WHEN THE WORLD FALLS DOWN by Jon Bolitho-Jones. Review.

WHEN THE WORLD FALLS DOWN by Jon Bolitho-Jones.

Matador. p/b. £8.99.

Reviewed by Elloise Hopkins.

That morning was the funeral of Bethany Hannah Morgan’s best friend. Her only friend actually, who had often joined her on imaginary adventures, and who she now greatly misses. She tries to fall asleep that night. Sleep does not come easily, but eventually she does sleep. That is until some kind of monster comes charging through her bedroom leaving a terrible mess, speckles of blood and a curious Bethany trailing behind.

By the time she reaches the monster she encounters a sight so strange she runs away, straight back home and under her bed covers. When she awakes the next morning though, Bethany discovers it was not a dream. The house is still an unexplained mess, as her parents’ shouting testifies, and in the forest near her house is a hungry troll pirate called Grollp, who will soon become Bethany’s new best friend. Grollp is determined to save his world, Edimor, and much as he enjoys Bethany’s picnics, it will soon be time for him to leave.

When the World Falls Down, as the narrator tells us at the end, is the first book in a series. Itfollows what we now know is the beginning of Bethany’s adventures from losing her best friend and meeting the troll pirate to working out how to travel through her cupboard and entering another world. The book comes under the ‘juvenile fiction’ Matador imprint and it does certainly feel directed at a youthful audience, with the dangerous moments of the narrative very much skimmed over and a continuous feeling of ‘it will all be ok in the end, don’t worry’ reassuring us.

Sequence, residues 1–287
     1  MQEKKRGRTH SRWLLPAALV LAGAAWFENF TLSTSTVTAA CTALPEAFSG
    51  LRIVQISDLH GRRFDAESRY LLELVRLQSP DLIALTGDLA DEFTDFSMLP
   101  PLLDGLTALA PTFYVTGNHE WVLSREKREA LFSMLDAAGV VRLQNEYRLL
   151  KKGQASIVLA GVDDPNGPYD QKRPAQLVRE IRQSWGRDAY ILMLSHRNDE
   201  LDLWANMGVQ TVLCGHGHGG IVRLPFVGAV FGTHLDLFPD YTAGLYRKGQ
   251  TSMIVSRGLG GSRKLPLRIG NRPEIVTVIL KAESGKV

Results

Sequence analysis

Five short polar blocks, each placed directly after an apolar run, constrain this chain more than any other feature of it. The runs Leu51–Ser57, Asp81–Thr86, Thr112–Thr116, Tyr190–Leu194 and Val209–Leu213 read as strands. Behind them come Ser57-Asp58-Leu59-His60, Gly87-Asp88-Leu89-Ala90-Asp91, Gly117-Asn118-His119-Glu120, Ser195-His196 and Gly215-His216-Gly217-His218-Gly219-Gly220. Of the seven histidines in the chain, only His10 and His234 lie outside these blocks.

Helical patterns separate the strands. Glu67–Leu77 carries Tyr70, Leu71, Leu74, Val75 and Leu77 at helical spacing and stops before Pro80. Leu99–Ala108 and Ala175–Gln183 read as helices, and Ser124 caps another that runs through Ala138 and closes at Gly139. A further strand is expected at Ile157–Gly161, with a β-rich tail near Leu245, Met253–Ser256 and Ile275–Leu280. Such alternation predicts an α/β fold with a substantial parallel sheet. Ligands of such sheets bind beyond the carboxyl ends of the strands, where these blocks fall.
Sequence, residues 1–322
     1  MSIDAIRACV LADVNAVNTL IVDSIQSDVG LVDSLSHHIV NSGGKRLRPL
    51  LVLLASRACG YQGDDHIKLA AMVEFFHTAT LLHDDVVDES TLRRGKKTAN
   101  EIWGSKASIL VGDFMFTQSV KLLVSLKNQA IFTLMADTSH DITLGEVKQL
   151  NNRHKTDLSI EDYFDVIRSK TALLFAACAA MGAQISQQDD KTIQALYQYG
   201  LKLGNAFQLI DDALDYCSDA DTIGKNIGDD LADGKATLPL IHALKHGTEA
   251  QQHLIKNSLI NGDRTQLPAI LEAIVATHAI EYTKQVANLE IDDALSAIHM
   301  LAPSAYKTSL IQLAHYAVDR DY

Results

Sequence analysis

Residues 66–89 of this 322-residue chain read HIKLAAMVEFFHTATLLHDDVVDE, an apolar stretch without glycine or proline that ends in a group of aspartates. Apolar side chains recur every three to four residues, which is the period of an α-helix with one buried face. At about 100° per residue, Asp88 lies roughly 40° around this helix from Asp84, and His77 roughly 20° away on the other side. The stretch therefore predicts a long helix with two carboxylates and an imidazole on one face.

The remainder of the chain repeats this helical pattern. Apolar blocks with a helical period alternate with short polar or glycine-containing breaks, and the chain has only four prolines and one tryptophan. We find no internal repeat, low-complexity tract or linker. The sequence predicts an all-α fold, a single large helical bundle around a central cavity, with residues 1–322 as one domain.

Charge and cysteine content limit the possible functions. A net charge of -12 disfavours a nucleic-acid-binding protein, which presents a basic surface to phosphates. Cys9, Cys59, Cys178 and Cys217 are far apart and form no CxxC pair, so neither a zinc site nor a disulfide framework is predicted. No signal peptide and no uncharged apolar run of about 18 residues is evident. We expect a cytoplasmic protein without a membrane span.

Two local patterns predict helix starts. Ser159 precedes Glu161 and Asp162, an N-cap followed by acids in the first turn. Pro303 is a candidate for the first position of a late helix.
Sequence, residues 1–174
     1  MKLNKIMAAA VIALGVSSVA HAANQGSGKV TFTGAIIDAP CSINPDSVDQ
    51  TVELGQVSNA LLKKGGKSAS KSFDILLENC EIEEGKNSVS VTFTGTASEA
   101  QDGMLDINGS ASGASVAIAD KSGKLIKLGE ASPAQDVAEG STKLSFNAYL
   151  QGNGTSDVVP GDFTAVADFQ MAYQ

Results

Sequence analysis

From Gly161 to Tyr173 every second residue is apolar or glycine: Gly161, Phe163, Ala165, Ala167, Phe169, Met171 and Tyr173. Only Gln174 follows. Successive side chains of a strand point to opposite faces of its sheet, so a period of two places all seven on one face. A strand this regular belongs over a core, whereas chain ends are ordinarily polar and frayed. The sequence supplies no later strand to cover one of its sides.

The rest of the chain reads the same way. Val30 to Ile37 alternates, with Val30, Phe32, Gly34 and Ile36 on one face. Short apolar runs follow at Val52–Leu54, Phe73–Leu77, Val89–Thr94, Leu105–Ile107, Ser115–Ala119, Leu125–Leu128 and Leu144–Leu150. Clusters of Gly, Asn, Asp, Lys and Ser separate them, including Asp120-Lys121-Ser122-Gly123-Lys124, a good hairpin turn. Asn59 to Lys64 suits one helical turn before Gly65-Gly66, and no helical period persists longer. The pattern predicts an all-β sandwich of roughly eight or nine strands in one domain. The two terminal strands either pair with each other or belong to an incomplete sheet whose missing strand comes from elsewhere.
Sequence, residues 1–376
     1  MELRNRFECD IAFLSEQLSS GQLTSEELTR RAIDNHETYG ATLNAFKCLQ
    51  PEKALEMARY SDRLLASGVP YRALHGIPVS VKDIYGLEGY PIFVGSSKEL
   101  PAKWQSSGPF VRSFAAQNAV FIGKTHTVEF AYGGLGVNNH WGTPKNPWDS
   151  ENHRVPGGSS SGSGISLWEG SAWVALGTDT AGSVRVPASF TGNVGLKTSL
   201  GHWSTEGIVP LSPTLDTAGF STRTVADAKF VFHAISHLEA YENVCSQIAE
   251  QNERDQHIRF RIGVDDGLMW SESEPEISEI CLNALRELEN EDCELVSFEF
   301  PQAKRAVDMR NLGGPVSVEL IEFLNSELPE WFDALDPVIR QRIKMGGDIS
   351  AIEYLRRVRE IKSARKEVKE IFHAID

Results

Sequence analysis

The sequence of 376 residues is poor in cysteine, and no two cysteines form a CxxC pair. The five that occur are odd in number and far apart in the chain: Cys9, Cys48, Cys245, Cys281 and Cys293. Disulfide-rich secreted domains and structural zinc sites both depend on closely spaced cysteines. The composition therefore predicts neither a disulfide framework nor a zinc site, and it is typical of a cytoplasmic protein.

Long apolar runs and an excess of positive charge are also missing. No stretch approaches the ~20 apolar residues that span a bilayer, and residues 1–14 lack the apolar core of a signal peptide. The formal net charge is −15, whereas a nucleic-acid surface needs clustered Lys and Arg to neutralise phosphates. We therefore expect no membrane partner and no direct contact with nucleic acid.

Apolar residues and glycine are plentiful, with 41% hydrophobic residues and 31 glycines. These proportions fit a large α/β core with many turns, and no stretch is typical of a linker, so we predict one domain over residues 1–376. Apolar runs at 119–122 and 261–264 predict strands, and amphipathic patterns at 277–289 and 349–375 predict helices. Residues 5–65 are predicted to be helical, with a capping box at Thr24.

The story stems from Bethany’s bereavement and touches on that theme throughout, of reaction and recovery and discovery in the aftermath of a loss, but again this is done with a very light touch and geared towards a young reader. We do see what Bethany’s reactions to loss and find reassurance in those reactions being acceptable and understandable, but nothing is dwelt upon in any depth.

The very first line tells the reader that they are “about to go on an adventure” and so they do. These adventures cover a lot of ground, the pace moving quite happily along throughout, and she encounters a plethora of creatures and hazards as she goes. For an innocent read packed with a young heroine, trolls and goblins, wizards, pirates, space travel and a world in peril, this delivers exactly that.